Deadicated: Cornell ‘77

Dean Budnick on June 9, 2017

To commemorate the 40th anniversary of the Grateful Dead’s performance at Cornell’s Barton Hall on May 8, 1977, Cornell University Press has issued a new book devoted to what has become the band’s bestknown show. The Press tapped Peter Conners (Growing Up Dead, JAMerica) to write Cornell ‘77. The ensuing work contextualizes the celebrated gig from a variety of perspectives, exploring the historical, social and musical backdrop to that evening. Here, Conners looks back on the experience of writing the book and the legacy of 5/8/77.

Prior to writing the book, what was your relationship with 5/8/77?

I was as familiar with it as anybody. It was a show I knew was good, but I can’t say I was any sort of 5/8/77 fanatic. It came up every once in a while, but I’m a guy who tends to do years. So I’ll geek out on ‘73, and do nothing but ‘73 shows for a while, or I’ll do ‘90, or my fixation might be a year in the late ‘60s. During the course of that, 5/8/77 eventually came up in the rotation, but it was never a show that I was obsessed with by any means.

So when Cornell University Press’ Michael McGandy contacted me and said, “The 40th anniversary is coming up, and we want a book about the show. Would you be interested in doing it?” I wasn’t quite sure what to do with it. But I’m a real fan of Greil Marcus, and Lipstick Traces by Greil is one of my favorite books. I love the way he can take a smaller scene, or a smaller topic, and look at it from all these different angles—pull it apart and have these great digressions and then come back in. I’ve always been enamored with that style, and I thought this is an interesting chance to explore that style, to take this one show and look at all these different aspects of Dead life, culture around the Dead and also society—what was going on in the late ‘70s— and to put it all through the filter of this one show.

Looking back on the process, what most surprised you?

There’s a little anecdote about “Funiculi Funicula” in there. [Ed. Note: Conners writes that a Cornell student suggested the song to the band during soundcheck, when Jerry Garcia solicited requests.] When I first heard that, I wasn’t sure if it could be true. So I ran it past [Dead archivist] David Lemieux, and he said, “I don’t know the answer. I don’t know where it came from.” So, sure enough, I went into DeadBase, and they had also played it three times shortly after Cornell. Timing-wise, it made sense that it came out of that. I think the person who told the story isn’t versed enough in Grateful Dead stuff to know how “Funiculi Funicula” became this quirky little fan favorite. So that was a fun side story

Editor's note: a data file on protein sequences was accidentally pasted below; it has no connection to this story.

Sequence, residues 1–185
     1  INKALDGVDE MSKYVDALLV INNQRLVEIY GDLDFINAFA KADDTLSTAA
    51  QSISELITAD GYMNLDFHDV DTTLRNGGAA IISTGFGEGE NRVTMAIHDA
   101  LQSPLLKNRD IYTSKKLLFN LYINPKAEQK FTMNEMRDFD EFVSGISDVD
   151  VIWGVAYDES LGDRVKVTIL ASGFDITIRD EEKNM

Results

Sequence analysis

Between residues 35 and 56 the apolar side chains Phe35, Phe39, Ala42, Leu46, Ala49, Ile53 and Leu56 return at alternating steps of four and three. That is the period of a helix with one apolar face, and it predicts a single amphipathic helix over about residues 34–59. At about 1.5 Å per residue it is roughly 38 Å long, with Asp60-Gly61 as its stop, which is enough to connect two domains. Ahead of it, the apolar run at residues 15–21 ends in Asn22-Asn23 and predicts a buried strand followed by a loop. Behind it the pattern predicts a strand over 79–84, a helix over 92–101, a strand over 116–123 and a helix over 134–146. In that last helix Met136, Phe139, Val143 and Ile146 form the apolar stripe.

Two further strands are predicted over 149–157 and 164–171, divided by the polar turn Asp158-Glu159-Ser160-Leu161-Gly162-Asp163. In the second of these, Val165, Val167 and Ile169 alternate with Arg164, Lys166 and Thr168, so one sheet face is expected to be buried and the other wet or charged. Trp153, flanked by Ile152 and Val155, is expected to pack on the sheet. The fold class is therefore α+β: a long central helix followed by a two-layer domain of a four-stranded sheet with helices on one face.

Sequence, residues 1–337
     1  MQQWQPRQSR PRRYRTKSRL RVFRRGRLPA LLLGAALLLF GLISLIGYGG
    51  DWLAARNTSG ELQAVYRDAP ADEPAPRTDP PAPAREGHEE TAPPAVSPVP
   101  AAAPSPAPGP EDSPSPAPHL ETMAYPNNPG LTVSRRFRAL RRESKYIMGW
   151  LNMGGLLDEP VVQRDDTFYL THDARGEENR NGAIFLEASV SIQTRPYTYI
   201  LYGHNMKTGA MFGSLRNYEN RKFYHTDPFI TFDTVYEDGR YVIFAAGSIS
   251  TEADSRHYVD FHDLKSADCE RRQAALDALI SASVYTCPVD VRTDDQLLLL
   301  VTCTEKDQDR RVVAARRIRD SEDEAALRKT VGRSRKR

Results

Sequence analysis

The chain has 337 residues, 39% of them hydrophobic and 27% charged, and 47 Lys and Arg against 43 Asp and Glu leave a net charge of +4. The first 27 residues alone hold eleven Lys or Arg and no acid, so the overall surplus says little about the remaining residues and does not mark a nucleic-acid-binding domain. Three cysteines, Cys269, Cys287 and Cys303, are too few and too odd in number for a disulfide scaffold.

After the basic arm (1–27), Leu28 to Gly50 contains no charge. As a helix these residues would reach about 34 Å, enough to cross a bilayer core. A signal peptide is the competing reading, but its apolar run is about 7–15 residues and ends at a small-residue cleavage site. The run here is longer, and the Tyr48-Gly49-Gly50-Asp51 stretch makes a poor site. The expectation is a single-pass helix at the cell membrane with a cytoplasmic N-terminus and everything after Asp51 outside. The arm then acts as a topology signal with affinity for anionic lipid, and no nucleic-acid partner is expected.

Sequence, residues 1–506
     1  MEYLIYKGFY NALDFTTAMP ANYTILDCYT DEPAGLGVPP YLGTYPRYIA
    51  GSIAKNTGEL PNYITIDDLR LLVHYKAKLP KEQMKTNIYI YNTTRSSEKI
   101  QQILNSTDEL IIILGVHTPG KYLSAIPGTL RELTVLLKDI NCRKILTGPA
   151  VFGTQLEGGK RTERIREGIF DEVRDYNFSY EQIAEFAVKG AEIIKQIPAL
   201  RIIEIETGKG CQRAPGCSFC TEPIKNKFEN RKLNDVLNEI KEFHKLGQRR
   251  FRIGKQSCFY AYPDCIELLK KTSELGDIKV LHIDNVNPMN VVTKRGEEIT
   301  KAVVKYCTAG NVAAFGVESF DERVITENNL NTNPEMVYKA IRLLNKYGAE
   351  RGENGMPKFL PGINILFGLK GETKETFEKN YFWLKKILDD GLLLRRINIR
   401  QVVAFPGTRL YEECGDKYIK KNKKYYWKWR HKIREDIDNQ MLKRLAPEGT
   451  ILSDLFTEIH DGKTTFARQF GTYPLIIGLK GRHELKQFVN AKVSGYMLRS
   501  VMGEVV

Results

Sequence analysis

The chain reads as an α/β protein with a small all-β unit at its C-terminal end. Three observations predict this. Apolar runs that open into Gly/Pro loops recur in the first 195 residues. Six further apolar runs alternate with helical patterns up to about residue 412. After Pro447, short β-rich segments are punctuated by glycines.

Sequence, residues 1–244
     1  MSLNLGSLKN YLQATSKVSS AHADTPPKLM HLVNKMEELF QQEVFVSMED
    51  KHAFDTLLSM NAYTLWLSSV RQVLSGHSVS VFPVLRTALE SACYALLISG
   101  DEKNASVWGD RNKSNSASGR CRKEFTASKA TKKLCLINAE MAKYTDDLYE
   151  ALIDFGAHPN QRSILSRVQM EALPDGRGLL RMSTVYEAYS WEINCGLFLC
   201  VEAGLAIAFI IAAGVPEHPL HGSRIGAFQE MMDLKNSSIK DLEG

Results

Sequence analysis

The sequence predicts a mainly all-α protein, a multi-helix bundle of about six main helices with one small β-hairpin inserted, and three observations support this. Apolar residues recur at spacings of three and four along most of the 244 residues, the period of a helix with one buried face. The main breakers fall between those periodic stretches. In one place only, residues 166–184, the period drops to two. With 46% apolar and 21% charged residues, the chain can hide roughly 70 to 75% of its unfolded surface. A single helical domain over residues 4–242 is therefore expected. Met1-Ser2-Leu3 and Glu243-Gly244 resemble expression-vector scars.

The quality of the recording that circulated for many years is top notch. How do you think that impacted its reception?

There’s no doubt that was part of the impact of 5/8/77 and why it became such an iconic show. Everybody I spoke to, like David Lemieux or Steve Silberman— who has spent a lot of time thinking about these shows, about eras, and about tapes and qualities—said that the quality of that tape turned their heads. It is a beautiful-sounding recording, which is why it became the secret handshake that people could have access to. So the recording quality was part of it—the power of Cornell— and, frankly, why we’re talking about it now.

You share the perspective of Betty Cantor-Jackson, who recorded the show, in your book.

That was a really fun and really poignant interview— talking to Betty about it and hearing, “This is how I set up my rig, this is how I recorded and this is why I got the sound that I did—this is what I was going for.” She has a great quote in there like, “Everybody wants to play in the band, so what I wanted to do was put you as close as possible to being on that stage—in between Jerry and Bob, or wherever you want to be.” When you look at it like that, you can almost hear the air that she let into that recording space that she’s allowing the listener to occupy. That was very intentional. Not only was it intentional, but it was also something that she honed over years of recording.

You also have Dennis McNally [the band’s longtime publicist and biographer] speaking out about the “Morning Dew” from that show. While the “Scarlet> Fire” is stellar, the “Dew” is really the standout moment.

It is an absolutely haunting, powerful, stellar version of “Morning Dew.” I was really curious to hear not only from his perspective as a writer and historian, but also as someone who spent so much time with Jerry. I asked him: “What would Jerry think of all this reverence for the show?” He had a fantastic answer that came back to “Morning Dew,” which was, basically, he would be a little bit embarrassed. He would see it was so popular that maybe that was a gimmick and it was something he’d have to immediately take out of his repertoire! [Laughs.] That’s such a wonderful and, no doubt, accurate portrayal of how Jerry would see it.

While many Deadheads are passionate advocates for 5/8/77, others will just as strongly champion the next night in Buffalo.

What I thought before I even wrote the book is if I could fuse the first set of 5/9 onto the second set of 5/8, that would be really phenomenal. There’s an interesting thing that came up: Steve Silberman was actually quoting another friend of his (and I say this in the introduction to the book), that the best way to look at 5/9 is as the third and fourth sets of 5/8. A different space and time, but it’s a big part of the same show. When you put it into that context, and if you listen to it, there’s a real continuity—and I think that kind of goes for that tour, that East Coast swing. It’s just stellar, and you can listen to one night after the other and be blown away. They were playing at such a high level, it’s a joy.